Smooth Sale-ing

24 April, 2009
Although drinks tend not to be the focus of most bakery retailers, they are still a key method of increasing customer spend. Georgi Gyton finds out why
Page 27 

Despite the fact the recession is impacting the sales of juices and smoothies, bakers can still market these products to their advantage by focusing on trends that remain strong, such as health. The Americans seem to be ahead of the UK on this one, with many bakery and juice bars dotted across the nation, balancing the treat of a sweet pastry with a nutritious juice.

The secret of their success may lie in their price promotions alongside bakery products. According to Britvic's 2009 Soft Drinks Report, published in March, consumers are increasingly watching out for promotions. "Promotions are a staple part of our industry's marketing, accounting for 61% of total branded sales," comments Britvic chief executive Paul Moody. "As economic conditions have worsened, traditional favourites such as cola, squash and juice drinks have benefited."

How to go about it

There are a range of options for bakery retailers looking to sell juices and smoothies. Firstly, the range of on-the-go drinks products available is huge - and expanding all the time. At the recent IFE exhibition in March, you would have been forgiven for thinking the recession is just a scare story, as NPD and expansion was around every exhibitor corner. Chegworth Valley, which produces farm-pressed juices, was showcasing its new organic juice range, while Bottlegreen launched its new drinks range, Classic Variety Cordials, consisting of: Williams Pear & Elderflower, Blackberry & Russet Apple and Cox's Apple & Plum varieties.

Juice giant Tropicana has also just introduced three new flavours to its on-the-go offering: Orange & Mango, Mango, Peach & Papaya and Passionfruit, Pear & Apple. David Johnston, general manager for Tropicana, says it's important to offer a variety of different flavours. "Over half of all chilled juice is consumed outside breakfast time, so it's important for retailers to be offering their customers a broad range of flavours to complement orange."

Another company hot on the heels of the healthy juice trend is Johnsons Juice Co. The firm's freshly squeezed juices are well known on the foodservice circuit, but are now making tracks in the bakery sector. Group marketing manager Andrew Ovens says these sort of products "provide consumers with a genuine alternative and bakery outlets with the opportunity to generate incremental category growth".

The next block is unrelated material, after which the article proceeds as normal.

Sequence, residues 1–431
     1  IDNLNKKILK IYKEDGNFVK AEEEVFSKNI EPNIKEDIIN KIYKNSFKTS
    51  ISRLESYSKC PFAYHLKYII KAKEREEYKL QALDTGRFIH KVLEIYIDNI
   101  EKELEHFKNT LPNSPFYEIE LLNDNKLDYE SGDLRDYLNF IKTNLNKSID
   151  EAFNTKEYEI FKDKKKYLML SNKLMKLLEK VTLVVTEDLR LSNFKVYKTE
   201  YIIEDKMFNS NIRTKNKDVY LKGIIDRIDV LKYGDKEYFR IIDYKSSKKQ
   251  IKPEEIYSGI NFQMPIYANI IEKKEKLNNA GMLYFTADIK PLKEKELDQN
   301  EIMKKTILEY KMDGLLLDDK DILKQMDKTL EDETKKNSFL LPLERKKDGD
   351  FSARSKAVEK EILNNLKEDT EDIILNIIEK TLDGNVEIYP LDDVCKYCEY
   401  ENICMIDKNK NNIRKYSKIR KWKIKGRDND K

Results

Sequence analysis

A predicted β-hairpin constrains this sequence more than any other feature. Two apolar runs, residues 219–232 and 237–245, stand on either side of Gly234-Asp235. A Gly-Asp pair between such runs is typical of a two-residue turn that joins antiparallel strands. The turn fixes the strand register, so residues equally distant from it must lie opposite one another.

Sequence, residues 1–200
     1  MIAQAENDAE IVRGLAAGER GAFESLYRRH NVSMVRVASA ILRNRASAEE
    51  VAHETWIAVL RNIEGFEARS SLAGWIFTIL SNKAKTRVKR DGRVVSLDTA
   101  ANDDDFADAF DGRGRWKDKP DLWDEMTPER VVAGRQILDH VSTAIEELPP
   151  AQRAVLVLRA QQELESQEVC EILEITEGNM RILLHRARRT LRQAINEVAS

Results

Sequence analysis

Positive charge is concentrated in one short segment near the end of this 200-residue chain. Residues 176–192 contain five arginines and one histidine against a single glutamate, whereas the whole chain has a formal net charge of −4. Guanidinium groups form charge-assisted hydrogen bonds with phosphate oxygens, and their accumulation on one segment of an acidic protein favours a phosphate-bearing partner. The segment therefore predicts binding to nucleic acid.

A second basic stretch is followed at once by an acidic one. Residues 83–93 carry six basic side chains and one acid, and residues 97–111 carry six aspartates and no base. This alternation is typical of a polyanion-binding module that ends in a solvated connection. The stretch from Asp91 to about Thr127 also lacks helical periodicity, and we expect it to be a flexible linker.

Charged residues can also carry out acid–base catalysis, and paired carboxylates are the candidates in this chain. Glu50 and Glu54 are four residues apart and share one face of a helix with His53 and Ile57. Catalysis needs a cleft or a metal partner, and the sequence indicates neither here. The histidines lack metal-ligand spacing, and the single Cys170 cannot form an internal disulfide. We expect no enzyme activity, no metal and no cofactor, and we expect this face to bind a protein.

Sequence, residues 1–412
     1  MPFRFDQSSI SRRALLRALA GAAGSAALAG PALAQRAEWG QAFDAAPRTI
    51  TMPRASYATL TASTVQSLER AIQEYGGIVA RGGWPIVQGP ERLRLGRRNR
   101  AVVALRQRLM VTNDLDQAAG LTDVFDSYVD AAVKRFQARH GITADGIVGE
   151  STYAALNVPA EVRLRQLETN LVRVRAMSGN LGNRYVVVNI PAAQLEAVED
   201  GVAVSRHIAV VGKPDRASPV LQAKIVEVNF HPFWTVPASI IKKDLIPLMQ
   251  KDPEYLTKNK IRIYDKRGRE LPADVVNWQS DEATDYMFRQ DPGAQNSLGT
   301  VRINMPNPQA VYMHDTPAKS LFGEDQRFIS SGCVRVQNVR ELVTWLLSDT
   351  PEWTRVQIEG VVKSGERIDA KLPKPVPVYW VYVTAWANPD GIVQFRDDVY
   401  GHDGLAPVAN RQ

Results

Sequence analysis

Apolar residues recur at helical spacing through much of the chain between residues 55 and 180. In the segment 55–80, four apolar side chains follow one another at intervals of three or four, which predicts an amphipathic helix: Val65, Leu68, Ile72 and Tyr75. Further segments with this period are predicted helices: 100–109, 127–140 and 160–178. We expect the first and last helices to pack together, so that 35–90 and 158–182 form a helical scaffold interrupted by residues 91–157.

He explains that different juices are popular at different times of the day. For example, orange juice sells well in the morning, as it naturally accompanies morning goods. "However, from looking at data from TNS, it appears consumers like to team up fresh apple juice with a lunchtime eat," adds Ovens. In terms of size, he says the most popular for individual customers is a 250ml bottle of juice.

Do it yourself

Another option for bakers wanting to get in on some juicing action is to produce their own. A number of firms offer juicing and smoothie equipment, which doesn't take up much space on the counter.

Italian ice-cream manufacturer, Carpigiani offers the 'Spin' machine, which can be used to produce slushes, shakes and smoothies. Equipment distributor Apuro also offers juicing equipment, with its Friul juice extractors and recommends it as an easy way for coffee shops and bakeries to capture the health market by offering pure fruit or vegetable juice as a menu option. Meanwhile, companies such as Smoothie Operator offer a range of stock, including individual smoothie packs, smoothie blends or simply bulk frozen fruit.

These drinks can easily be used in meal deal offers and, with the summer coming, bakers need to make sure they have their chillers stocked with something cool and refreshing.

So for bakery retailers looking to capitalise on the health trend, as well as offering an interes-ting and varied drinks range, juices and smoothies could provide a way in.





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